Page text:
CULTURED: What do you think makes the New York art scene distinct?
Gillian Dubin: In New York, there is an abundance of museums, street art, galleries, and artists that reflect so many different cultures, ideas, and perspectives. I find it overwhelming to keep up with every aspect of it—so I don’t. I have found my own avenue, which is following what intrigues me. I think that’s what makes the New York art scene so unique. Once you open your eyes to it, you realize how influential and inspiring it is.
CULTURED: Where does the story of your personal collection begin?
Dubin: I really began collecting when I was designing interiors. I needed to complete the atmosphere of the finished interiors with appropriate art. When you have put so much effort into how it will look and feel, you want something that will complement and help define the space. So I began visiting studios and learning about all sorts of different artists. It was impossible not to fall in love with the creativity and emotion that pours into the works.
CULTURED: What the first piece you ever bought?
Dubin: Davina Semo’s Block, 2019, which is [made of] pink galvanized chains. It was perfect for my first piece. It’s still everything I love, and tend to seek. The pairing of soft and hard, feminine and masculine—it’s multidimensional, yet quiet and calm. It creates a significant impact while somehow remaining understated.
CULTURED: Which work provokes the most conversation from visitors?
Dubin: Most people seem drawn to Diana Al-Hadid’s Dreams of Zoe. It is soft in color, imposing in size, and delicate but edgy because of the negative space. First, people are struck by its beauty. Then, upon a closer look, curiosity sets in regarding how she created it.
CULTURED: Which artist are you currently most excited about and why?
Dubin: I’m always so excited to see Arghavan Khosravi’s new work. Everything she does blows me away. I’m really into the unlikely combination of the unexpected, the dimensions, and the vibrant color palette she employs. The way she marries her fine art with hard, unexpected materials, like a lock and chain or a cage, is so creative. Her work is very thought-provoking.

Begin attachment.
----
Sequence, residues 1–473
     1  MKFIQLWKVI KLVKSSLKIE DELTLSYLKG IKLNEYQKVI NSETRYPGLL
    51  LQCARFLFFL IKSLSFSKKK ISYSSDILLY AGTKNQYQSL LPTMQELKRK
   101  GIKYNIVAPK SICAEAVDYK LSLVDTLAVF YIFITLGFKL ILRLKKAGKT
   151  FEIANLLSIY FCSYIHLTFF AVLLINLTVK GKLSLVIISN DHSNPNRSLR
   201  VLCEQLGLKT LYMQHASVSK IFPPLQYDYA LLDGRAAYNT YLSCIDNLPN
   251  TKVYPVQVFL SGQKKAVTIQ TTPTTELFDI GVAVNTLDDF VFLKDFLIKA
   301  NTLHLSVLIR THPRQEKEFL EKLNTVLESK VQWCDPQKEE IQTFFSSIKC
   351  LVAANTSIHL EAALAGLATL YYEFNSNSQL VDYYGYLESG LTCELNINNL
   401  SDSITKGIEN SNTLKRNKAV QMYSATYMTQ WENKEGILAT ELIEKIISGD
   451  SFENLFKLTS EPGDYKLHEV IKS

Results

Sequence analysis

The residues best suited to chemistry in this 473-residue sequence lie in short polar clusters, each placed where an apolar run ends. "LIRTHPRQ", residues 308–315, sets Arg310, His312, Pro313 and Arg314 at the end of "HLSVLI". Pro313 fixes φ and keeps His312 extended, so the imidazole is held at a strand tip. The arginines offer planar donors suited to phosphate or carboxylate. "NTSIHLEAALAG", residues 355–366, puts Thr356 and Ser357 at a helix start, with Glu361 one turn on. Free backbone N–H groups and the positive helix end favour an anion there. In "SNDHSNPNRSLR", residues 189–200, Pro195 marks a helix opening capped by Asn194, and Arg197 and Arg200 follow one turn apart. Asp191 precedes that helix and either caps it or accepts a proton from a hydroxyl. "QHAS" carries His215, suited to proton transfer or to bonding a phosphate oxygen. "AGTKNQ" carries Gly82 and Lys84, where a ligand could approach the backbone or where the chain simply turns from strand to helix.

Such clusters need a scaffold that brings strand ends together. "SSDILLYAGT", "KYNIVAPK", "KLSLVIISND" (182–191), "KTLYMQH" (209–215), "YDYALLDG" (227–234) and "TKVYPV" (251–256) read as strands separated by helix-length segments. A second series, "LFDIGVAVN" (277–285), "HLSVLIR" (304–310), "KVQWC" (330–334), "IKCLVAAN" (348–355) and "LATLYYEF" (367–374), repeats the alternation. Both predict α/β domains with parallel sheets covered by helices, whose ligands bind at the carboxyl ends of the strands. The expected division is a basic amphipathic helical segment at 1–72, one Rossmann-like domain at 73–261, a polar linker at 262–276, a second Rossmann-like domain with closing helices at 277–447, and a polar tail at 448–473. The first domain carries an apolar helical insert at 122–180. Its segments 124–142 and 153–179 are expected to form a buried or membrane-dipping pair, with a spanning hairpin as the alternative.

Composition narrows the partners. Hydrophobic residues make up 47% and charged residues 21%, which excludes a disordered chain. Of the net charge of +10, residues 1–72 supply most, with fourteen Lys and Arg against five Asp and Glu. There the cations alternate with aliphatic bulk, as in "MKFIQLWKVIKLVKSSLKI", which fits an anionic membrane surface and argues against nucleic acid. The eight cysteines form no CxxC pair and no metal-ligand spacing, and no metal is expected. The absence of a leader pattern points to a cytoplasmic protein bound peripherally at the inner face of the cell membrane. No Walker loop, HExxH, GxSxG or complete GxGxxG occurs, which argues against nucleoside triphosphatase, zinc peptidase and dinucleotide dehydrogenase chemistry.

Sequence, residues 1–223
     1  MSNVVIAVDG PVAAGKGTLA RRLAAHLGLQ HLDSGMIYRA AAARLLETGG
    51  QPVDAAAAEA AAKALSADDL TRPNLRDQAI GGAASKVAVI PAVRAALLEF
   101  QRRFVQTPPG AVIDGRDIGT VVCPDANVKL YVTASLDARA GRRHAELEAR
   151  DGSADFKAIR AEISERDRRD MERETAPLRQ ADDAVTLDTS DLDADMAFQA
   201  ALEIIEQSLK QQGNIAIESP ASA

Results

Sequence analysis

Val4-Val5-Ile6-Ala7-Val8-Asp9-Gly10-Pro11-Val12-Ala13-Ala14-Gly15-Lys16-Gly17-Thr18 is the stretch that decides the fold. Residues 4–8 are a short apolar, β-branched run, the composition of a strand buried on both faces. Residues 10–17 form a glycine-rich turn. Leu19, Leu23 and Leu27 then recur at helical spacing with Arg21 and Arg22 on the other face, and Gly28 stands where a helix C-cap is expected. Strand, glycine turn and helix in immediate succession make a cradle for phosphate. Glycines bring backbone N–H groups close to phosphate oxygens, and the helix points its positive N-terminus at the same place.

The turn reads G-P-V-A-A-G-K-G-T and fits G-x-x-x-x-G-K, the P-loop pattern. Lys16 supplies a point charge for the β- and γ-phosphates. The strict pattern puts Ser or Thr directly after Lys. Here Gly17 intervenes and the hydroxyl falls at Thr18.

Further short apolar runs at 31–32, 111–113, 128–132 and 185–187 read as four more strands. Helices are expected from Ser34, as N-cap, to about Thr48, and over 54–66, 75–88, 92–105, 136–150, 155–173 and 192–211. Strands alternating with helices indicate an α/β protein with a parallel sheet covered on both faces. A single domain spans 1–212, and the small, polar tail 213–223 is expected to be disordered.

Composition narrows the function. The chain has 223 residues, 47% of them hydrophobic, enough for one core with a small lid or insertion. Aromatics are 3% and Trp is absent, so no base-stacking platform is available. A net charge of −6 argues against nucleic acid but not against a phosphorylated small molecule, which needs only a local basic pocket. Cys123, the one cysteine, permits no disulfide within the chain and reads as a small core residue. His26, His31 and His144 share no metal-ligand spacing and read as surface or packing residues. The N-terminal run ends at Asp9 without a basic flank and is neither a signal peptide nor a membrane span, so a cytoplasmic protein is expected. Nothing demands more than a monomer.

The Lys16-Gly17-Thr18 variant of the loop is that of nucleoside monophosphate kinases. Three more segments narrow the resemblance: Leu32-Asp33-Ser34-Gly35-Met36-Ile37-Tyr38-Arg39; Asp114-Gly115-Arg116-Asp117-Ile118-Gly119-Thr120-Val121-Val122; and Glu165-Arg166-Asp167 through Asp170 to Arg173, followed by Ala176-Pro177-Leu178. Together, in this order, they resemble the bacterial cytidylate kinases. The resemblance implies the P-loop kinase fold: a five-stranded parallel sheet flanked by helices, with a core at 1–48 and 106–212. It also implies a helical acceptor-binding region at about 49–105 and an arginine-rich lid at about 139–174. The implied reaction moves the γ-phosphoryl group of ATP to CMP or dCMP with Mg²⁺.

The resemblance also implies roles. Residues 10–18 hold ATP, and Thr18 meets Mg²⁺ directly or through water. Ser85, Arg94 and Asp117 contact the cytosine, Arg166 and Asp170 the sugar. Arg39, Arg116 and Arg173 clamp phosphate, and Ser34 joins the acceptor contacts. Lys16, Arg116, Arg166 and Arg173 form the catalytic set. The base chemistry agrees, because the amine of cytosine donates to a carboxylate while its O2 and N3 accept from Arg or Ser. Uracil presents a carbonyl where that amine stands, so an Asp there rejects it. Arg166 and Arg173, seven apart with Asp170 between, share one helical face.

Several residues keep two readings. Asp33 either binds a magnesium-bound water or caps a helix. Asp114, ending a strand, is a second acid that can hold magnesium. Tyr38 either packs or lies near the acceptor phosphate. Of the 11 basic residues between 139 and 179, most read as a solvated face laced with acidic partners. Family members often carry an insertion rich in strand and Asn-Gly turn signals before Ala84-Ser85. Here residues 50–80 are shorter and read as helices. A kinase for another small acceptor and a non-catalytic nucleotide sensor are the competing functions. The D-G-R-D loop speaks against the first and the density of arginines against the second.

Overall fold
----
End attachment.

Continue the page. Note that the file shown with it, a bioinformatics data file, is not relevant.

CULTURED: What factors do you consider when expanding your collection?
Dubin: I impress my personal style and emotions with the way I collect. All my pieces have a dialogue with each other. Even though I didn’t create them, I connect with every piece. It’s almost vulnerable because collecting is so personal, and then you display that connection publicly.
CULTURED: What was the most challenging piece in your personal collection to acquire?
Dubin: Nick Cave’s Arm Peace. None were available, but I was told they were in production. My husband is a civil rights attorney; we really wanted one because the piece truly spoke to us. It was my first purchase from Jack Shainman, and they didn’t know me. I emailed the gallery often. I wanted to make sure I wasn’t going to miss the opportunity to get one. When they were finally due to come in, I had a few people reach out to other contacts at the gallery to secure my request. Thankfully, I got in and had the first choice out of four pieces. It felt like a massive victory after a yearlong pursuit!
CULTURED: Is there one piece that got away, or that you still think about?
Dubin: A Kennedy Yanko, from her latest show. I had the opportunity to own a stunning piece that was perfect for me. But it wasn’t good timing, and I wasn’t sure where I would put it, so I passed. I wanted to be able to enjoy it. That was a loss I know I’ll remember.
CULTURED: How does working as a designer affect the way you approach collecting?
Dubin: As an interior designer, I believe art should fit in the environment. I don’t mean simply accenting the interior, but rather, providing a contrast and relationship that brings the whole space to life. Without the right art, the spaces can feel flat. And the same for the art—some interior designs don’t support a particular piece.
I’ve had clients with lively art that required toned down interiors to create the right pairing, making both experiences sing. Alternatively, some clients have put so much trust in me with the interiors they need guidance to start collecting appropriately for the house and them personally. After working with clients to build interiors, you end up with a very personal relationship. You have a sense of what will make them excited and what will work in their environment. To me, art will always finish the space, but it is challenging. It takes time, and you can never rush to find those magical pieces that just “belong” in their homes.